On the one hand, ketamine treatment can be seen as a temporary yet swift solution for severe suffering. The NHS reported that using ketamine to treat depression reduced symptoms for only a day in 70% of their patients.

On the other hand, psychotherapy is a longer lasting approach as it requires individuals to think differently about their life. Though this shift in perspective is often more effective for long term benefits, it does demand more time.
When used in combination, the ketamine treatment has the capacity to enhance the effects of psychotherapy.

Despite the growing body of research, ketamine therapy has not been approved for use in the UK. Therefore, ketamine can only be used to treat depression ‘off-label’. This involves prescribing a treatment for something other than it is licensed for.
Ketamine infusion treatment refers to the administration of ketamine to a patient through intravenous delivery. As such, this method must take place in a clinical setting or hospital. This way of delivery allows for quick and effective absorption by the body as the ketamine enters the bloodstream right away. Ketamine infusion therapy can be prescribed ‘off-label’ for individuals suffering from treatment-resistant depression; depression which hasn’t responded to at least two medicines.

An in-depth look at ketamine treatment for depression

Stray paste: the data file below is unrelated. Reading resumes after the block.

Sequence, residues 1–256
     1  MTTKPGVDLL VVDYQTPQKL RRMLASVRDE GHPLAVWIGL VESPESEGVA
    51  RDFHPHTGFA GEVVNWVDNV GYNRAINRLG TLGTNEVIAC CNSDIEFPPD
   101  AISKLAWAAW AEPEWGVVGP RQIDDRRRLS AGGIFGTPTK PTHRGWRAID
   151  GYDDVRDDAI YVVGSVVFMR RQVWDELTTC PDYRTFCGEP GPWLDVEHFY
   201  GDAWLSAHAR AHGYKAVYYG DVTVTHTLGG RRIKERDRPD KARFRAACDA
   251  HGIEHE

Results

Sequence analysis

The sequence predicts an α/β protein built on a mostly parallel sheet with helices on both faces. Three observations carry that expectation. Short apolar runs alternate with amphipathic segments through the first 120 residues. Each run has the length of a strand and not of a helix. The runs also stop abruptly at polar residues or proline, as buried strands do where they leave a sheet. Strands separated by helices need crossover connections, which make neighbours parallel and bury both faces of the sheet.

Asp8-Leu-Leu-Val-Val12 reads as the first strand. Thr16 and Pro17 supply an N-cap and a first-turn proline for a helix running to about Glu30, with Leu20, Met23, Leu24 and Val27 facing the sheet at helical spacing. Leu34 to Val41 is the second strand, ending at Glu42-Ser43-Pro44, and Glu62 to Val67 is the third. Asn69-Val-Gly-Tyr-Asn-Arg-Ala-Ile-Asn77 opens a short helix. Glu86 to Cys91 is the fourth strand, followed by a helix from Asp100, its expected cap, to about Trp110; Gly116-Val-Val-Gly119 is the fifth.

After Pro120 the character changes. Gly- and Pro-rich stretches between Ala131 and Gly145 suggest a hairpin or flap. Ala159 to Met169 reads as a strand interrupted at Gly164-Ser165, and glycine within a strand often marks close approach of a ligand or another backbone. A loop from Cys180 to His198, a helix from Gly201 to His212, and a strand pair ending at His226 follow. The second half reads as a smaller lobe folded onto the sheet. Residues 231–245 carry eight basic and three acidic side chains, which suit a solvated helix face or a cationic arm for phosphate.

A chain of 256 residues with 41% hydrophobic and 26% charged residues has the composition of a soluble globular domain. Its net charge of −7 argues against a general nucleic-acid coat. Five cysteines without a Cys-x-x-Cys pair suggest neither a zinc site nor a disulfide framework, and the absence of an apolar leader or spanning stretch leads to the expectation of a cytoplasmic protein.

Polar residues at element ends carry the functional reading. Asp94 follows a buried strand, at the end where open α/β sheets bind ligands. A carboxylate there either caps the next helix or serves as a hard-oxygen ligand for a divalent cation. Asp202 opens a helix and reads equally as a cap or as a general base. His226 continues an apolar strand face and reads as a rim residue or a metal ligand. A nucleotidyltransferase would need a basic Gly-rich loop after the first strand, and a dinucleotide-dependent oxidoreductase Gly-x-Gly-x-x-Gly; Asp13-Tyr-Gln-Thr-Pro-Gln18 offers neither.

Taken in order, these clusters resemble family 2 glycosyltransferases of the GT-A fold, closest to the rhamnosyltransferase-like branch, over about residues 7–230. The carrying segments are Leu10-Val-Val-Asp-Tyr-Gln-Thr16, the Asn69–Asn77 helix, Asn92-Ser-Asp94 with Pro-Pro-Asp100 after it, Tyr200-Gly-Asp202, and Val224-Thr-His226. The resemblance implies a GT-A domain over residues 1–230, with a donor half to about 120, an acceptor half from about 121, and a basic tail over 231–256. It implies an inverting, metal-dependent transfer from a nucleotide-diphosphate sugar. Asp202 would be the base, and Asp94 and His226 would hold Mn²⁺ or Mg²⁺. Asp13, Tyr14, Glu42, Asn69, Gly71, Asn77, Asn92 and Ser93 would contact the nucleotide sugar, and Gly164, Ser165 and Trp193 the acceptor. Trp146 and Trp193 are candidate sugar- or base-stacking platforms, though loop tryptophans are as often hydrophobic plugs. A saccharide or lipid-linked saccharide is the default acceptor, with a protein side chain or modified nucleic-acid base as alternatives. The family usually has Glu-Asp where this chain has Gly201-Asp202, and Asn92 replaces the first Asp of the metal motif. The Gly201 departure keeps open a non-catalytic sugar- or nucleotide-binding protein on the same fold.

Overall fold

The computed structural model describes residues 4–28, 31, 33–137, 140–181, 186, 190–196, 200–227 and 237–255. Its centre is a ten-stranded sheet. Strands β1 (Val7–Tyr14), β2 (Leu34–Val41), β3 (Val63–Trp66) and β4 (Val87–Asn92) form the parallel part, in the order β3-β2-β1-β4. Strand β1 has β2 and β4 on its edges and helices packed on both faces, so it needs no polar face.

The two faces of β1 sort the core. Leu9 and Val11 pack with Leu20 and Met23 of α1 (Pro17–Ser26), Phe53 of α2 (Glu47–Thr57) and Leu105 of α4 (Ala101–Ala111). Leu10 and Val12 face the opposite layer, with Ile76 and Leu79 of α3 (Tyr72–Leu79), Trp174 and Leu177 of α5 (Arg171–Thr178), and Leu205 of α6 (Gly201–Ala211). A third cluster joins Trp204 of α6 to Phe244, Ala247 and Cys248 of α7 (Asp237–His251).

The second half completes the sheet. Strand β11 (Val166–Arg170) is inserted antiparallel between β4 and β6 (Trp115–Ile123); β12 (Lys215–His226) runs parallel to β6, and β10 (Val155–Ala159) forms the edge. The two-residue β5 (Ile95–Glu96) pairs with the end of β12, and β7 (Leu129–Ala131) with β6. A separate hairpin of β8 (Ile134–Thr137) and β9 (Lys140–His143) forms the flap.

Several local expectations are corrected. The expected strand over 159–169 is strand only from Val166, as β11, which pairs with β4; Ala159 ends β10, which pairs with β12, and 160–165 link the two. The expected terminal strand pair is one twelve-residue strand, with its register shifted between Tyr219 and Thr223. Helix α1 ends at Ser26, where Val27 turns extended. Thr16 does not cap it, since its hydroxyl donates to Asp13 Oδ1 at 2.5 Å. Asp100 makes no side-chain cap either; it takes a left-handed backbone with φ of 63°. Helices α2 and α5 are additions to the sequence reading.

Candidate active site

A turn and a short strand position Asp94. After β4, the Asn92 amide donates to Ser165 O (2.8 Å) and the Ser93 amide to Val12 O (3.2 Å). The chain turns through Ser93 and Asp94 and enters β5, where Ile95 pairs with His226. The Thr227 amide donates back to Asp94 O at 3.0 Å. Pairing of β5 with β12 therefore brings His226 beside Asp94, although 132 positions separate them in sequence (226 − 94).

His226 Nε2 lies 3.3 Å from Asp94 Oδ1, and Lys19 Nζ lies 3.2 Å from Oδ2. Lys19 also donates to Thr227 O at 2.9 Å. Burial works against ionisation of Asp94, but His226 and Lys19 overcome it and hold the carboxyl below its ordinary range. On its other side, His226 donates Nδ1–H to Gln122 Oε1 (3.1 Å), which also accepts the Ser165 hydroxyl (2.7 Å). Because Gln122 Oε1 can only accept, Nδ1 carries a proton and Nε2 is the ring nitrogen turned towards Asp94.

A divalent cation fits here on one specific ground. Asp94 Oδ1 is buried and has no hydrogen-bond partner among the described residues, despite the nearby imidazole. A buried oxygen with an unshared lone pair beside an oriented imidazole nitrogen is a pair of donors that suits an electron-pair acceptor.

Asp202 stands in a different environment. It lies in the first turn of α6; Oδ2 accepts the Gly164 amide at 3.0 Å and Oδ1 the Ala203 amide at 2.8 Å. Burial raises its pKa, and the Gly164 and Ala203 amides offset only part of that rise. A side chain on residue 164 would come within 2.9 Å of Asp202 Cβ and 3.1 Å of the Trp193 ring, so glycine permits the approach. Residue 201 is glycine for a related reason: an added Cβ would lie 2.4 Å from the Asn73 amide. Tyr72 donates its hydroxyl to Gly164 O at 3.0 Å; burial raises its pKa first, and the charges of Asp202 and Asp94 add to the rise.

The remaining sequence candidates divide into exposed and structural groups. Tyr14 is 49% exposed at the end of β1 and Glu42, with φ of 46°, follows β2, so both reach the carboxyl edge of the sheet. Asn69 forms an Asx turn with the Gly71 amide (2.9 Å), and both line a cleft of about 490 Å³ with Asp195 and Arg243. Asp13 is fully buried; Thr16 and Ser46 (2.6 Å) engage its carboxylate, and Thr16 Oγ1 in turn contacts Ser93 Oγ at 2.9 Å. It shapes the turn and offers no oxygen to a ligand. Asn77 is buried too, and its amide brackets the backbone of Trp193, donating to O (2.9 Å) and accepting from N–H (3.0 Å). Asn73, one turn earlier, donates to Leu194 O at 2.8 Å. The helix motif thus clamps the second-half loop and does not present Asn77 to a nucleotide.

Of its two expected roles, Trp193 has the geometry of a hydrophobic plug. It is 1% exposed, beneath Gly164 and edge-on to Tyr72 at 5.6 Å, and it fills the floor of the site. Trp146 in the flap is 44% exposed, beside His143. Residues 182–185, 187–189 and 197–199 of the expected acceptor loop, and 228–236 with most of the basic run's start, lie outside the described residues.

Research on ketamine treatment for depression is much more solidified than for anxiety. As previously stated, ketamine is not licensed for treatment of depression. However, in 2019, esketamine, a component of ketamine, became licensed for use for treatment-resistant depression. This treatment must be taken at a clinic or certified-doctor’s office, where following this, the patient is monitored for at least two hours by a medical professional. Similar to treatment for anxiety, the use of ketamine often provides rapid relief, but the effects are usually short-lived, spanning from a few days to a week. As such, the capability of ketamine to provide long-term effectiveness is in question.

In-depth look at ketamine for anxiety

It is estimated that around 50% of patients with generalised anxiety disorder (GAD) are treatment resistant. In these cases, doctors may also prescribe ketamine for anxiety ‘off-label’.